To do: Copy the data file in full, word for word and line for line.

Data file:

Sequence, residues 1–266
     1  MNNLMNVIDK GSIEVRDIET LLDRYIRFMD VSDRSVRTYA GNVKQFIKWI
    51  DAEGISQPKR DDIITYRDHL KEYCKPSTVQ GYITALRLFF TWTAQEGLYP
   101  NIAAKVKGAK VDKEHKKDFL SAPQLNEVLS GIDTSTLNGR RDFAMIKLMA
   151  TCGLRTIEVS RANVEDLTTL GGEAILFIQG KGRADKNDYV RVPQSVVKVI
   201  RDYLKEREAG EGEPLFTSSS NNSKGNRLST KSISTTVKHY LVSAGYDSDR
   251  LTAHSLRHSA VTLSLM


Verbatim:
Sequence, residues 1–266
     1  MNNLMNVIDK GSIEVRDIET LLDRYIRFMD VSDRSVRTYA GNVKQFIKWI
    51  DAEGISQPKR DDIITYRDHL KEYCKPSTVQ GYITALRLFF TWTAQEGLYP
   101  NIAAKVKGAK VDKEHKKDFL SAPQLNEVLS GIDTSTLNGR RDFAMIKLMA
   151  TCGLRTIEVS RANVEDLTTL GGEAILFIQG KGRADKNDYV RVPQSVVKVI
   201  RDYLKEREAG EGEPLFTSSS NNSKGNRLST KSISTTVKHY LVSAGYDSDR
   251  LTAHSLRHSA VTLSLM